Curating Kindness: Introducing… The Friendly Bench™

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Photo: ©The Friendly Bench™ 2018

In an earlier blog post, I took the plunge and finally unveiled what I’d been *intending* to pen about here on the blog for some time – but had apparently been too much of a cowardy, Kate-like custard to do so until recently. As outlined in that rather wordy, but oh-so earnest and (if I do say so myself) utterly awesome post (!), the topic of loneliness is one that’s dear to my heart, not least because it’s an issue that can cause considerable emotional and physical wear and tear for us all, regardless of our age, gender, background or Easties vs. Corrie leanings (rest assured, even if you’re not Easties-inclined, we can still be friends – we’re all for openness and inclusiveness round here, after all). And as with every social challenge, the sparkly silver lining lies in the potential for change – and I’m currently on a mission to prove that where loneliness is concerned, change is, both in the UK and beyond, most definitely afoot.

To get the ball rolling on this long-awaited (I’m sure you’ll agree!) series of Humans Doing Great Stuff in the battle against loneliness, I’m honoured to present the story behind rapidly-growing UK social enterprise, The Friendly Bench™. The Friendly Bench™ founder, Lyndsey Young – an entrepreneurial powerhouse with a wealth of experience in crafting creative solutions for tackling some of society’s most cumbersome challenges – was kind enough to share with me her reasons for taking on the vast issue of loneliness at grassroots level, and her hopes and aspirations for the seemingly simple – yet immensely impactful – concept and organisation which Lyndsey developed and launched, almost single-handedly.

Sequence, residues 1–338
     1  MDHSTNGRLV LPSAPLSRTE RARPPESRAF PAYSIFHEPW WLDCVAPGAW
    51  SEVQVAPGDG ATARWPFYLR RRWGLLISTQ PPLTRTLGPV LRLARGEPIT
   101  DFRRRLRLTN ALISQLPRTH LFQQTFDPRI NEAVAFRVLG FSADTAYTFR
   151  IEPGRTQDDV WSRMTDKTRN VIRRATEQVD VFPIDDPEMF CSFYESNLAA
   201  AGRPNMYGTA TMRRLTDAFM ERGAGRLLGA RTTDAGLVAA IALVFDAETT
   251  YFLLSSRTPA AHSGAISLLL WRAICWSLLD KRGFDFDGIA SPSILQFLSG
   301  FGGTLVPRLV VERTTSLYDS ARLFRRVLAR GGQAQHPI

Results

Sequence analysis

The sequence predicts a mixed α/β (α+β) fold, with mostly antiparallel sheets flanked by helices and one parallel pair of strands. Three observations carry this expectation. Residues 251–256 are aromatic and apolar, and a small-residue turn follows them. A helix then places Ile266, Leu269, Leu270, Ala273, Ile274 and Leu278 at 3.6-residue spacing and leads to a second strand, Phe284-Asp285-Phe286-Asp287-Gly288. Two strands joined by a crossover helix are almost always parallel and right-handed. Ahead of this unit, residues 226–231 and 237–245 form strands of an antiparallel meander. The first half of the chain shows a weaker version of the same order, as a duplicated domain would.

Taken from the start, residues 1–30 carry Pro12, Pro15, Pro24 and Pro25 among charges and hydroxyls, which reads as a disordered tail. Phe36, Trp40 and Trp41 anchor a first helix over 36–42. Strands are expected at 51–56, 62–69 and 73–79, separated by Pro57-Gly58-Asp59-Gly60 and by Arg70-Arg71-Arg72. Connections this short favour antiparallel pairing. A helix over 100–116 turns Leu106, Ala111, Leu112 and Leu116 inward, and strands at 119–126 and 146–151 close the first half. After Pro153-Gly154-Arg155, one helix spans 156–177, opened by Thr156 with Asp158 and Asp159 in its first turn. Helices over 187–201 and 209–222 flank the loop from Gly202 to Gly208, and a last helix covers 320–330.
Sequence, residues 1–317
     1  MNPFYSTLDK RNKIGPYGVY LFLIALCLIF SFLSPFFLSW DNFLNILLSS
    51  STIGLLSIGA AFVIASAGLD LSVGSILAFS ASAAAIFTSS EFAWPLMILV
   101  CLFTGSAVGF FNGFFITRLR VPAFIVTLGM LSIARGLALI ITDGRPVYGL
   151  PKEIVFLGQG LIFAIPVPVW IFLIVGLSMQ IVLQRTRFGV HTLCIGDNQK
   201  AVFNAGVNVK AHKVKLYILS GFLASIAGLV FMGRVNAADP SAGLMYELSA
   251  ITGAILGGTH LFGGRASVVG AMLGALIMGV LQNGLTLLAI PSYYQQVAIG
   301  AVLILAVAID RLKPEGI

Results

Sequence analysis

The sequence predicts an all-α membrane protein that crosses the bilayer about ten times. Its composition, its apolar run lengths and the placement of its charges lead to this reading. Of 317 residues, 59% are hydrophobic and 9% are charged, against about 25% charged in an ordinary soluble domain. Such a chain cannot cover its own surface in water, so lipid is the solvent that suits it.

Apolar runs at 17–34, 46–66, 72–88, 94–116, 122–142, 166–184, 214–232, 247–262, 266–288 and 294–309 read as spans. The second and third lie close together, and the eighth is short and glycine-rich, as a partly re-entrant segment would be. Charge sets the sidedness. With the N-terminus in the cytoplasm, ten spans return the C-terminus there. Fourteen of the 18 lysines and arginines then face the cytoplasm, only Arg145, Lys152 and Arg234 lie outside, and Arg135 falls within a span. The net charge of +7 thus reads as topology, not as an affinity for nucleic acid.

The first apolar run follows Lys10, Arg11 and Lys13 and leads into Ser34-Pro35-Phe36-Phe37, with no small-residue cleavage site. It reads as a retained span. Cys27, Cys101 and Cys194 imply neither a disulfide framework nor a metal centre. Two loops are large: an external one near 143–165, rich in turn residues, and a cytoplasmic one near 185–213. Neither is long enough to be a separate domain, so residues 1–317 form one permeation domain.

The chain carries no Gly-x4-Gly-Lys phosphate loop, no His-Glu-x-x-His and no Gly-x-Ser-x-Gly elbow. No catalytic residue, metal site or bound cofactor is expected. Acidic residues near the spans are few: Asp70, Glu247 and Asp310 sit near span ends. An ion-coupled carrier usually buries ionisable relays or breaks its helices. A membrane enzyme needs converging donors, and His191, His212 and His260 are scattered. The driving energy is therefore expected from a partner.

If your bag is kindness, friendship, inclusiveness, diversity, and connecting communities with nature and each other – all in a bid to end loneliness, the intergenerational way – I believe Lyndsey’s story might just be for you. To find out more, why not wiggle your way over to the brilliantly uplifting Good News Shared, where you can read the full article in all its upbeat and inspiring glory (because, in case you haven’t already noticed, I have absolutely no qualms about tooting the horn of brilliant social enterprises and charities doing terrific thangs in the world). Happy reading, everyone – it’s a longun’, but a good’un, I promise!    #CuratingKindness